Jonathan Derbyshire is Managing Editor of Prospect. He was formerly Culture Editor of the New Statesman.

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The most terrifying thing about Donald Trump's speech? What he didn't say

No politician uses official speeches to put across their most controversial ideas. But Donald Trump's are not hard to find. 

As Donald Trump took the podium on a cold Washington day to deliver his inauguration speech, the world held its breath. Viewers hunched over televisions or internet streaming services watched Trump mouth “thank you” to the camera, no doubt wondering how he could possibly live up to his deranged late-night Twitter persona. In newsrooms across America, reporters unsure when they might next get access to a president who seems to delight in denying them the right to ask questions got ready to parse his words for any clue as to what was to come. Some, deciding they couldn’t bear to watch, studiously busied themselves with other things.

But when the moment came, Trump’s speech was uncharacteristically professional – at least compared to his previous performances. The fractured, repetitive grammar that marks many of his off-the-cuff statements was missing, and so, too, were most of his most controversial policy ideas.

Trump told the crowd that his presidency would “determine the course of America, and the world, for many, many years to come” before expressing his gratefulness to President Barack Obama and Michelle Obama for their “gracious aid” during the transition. “They have been magnificent," Trump said, before leading applause of thanks from the crowd.

If this opening was innocent enough, however, it all changed in the next breath. The new president moved quickly to the “historic movement”, “the likes of which the world has never seen before”, that elected him President. Following the small-state rhetoric of his campaign, Trump promised to take power from the “establishment” and restore it to the American people. “This moment," he told them, “Is your moment. It belongs to you.”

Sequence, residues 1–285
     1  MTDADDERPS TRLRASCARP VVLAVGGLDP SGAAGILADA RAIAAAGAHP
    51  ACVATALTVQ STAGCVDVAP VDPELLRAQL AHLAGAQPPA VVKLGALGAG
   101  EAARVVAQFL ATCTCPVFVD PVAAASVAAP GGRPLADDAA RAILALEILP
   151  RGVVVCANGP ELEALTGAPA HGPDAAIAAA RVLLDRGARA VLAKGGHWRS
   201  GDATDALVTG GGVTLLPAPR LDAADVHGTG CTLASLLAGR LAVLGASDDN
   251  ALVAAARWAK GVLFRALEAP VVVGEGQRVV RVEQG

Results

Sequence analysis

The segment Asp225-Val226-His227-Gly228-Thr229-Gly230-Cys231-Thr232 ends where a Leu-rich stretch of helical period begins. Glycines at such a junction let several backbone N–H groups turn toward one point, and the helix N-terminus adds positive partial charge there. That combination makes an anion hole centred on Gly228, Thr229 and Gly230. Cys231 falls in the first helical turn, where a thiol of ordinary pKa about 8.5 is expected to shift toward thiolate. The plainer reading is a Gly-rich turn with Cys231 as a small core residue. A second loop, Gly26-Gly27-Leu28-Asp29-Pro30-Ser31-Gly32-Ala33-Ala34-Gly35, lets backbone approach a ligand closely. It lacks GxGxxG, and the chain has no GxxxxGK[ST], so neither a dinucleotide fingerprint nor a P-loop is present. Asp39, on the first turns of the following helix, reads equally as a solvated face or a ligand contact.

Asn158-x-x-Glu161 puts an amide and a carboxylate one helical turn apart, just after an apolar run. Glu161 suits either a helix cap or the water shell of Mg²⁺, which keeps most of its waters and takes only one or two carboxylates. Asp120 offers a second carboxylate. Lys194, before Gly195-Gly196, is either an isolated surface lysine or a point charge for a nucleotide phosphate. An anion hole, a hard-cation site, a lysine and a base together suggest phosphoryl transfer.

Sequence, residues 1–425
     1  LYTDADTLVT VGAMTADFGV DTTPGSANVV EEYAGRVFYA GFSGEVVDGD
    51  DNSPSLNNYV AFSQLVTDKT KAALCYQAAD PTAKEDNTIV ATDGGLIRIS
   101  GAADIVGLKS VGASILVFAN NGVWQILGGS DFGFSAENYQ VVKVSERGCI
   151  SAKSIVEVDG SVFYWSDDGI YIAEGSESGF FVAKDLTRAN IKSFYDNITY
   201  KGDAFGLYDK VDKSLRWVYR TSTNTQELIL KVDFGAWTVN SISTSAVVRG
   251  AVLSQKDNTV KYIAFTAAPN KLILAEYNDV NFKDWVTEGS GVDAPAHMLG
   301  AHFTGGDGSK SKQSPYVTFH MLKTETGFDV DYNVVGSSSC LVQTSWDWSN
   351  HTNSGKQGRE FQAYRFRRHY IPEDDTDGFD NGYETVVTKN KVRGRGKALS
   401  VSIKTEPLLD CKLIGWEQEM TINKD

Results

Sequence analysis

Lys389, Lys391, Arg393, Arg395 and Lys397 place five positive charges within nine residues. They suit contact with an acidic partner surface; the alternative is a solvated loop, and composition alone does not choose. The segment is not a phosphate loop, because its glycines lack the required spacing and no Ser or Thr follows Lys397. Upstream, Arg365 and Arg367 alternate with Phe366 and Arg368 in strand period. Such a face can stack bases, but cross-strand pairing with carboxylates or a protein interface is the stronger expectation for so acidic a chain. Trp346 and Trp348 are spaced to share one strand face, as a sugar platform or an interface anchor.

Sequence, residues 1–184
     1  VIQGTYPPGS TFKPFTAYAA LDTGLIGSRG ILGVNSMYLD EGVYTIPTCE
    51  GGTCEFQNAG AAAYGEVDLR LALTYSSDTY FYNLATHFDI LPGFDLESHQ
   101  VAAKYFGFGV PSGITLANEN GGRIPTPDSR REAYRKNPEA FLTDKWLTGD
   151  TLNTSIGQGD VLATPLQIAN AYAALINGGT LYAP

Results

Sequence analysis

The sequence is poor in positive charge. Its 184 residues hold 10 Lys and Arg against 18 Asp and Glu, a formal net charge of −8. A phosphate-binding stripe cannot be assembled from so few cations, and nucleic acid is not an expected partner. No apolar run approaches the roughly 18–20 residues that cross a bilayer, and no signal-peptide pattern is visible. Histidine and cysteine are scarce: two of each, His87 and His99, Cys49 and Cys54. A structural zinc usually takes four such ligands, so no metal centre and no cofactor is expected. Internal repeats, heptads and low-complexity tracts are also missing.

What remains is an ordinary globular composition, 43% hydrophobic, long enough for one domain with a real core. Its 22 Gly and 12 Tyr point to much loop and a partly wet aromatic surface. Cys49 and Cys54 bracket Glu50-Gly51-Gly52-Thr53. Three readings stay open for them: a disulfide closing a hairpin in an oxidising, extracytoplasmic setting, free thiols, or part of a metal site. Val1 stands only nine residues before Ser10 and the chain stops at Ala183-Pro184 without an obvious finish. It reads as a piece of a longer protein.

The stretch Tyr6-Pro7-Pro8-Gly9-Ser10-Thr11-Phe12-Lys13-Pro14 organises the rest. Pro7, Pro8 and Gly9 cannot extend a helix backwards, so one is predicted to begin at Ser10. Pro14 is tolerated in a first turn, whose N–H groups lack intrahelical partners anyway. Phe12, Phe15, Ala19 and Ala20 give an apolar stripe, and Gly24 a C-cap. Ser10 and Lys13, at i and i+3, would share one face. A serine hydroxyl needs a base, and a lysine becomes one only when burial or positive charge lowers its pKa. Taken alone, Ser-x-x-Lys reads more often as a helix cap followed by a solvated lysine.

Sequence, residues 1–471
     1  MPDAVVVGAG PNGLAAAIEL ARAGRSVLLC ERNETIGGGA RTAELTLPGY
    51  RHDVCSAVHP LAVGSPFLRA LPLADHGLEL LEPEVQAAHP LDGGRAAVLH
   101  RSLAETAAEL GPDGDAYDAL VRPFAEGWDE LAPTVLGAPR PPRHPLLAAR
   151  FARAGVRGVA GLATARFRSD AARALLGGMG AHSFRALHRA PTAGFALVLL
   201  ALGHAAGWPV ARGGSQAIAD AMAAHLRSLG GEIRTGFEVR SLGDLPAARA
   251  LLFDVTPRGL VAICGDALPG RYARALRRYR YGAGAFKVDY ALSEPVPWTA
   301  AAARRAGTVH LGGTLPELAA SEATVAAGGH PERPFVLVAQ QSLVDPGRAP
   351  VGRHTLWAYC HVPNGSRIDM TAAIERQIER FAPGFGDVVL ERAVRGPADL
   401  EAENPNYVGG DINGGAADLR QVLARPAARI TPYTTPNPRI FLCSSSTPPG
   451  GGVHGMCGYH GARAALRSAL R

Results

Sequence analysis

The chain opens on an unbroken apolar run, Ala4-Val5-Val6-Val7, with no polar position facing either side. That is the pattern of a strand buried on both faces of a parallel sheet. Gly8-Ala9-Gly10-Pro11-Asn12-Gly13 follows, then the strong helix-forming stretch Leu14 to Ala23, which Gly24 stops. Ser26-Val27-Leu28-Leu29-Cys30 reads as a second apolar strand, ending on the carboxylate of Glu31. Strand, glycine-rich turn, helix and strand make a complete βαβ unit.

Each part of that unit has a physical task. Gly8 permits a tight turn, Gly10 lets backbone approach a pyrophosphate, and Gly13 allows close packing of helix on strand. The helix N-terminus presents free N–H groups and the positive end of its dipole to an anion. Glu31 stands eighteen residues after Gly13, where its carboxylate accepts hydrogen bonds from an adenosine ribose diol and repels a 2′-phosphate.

A good deal of the speech was given over to re-iterating his nationalist positions while also making repeated references to the key issues – “Islamic terrorism” and families – that remain points of commonality within the fractured Republican GOP.

The loss of business to overseas producers was blamed for “destroying our jobs”. “Protection," Trump said, “Will lead to great strength." He promised to end what he called the “American carnage” caused by drugs and crime.

“From this day forward," Trump said, “It’s going to be only America first."

There was plenty in the speech, then, that should worry viewers, particularly if you read Trump’s promises to make America “unstoppable” so it can “win” again in light of his recent tweets about China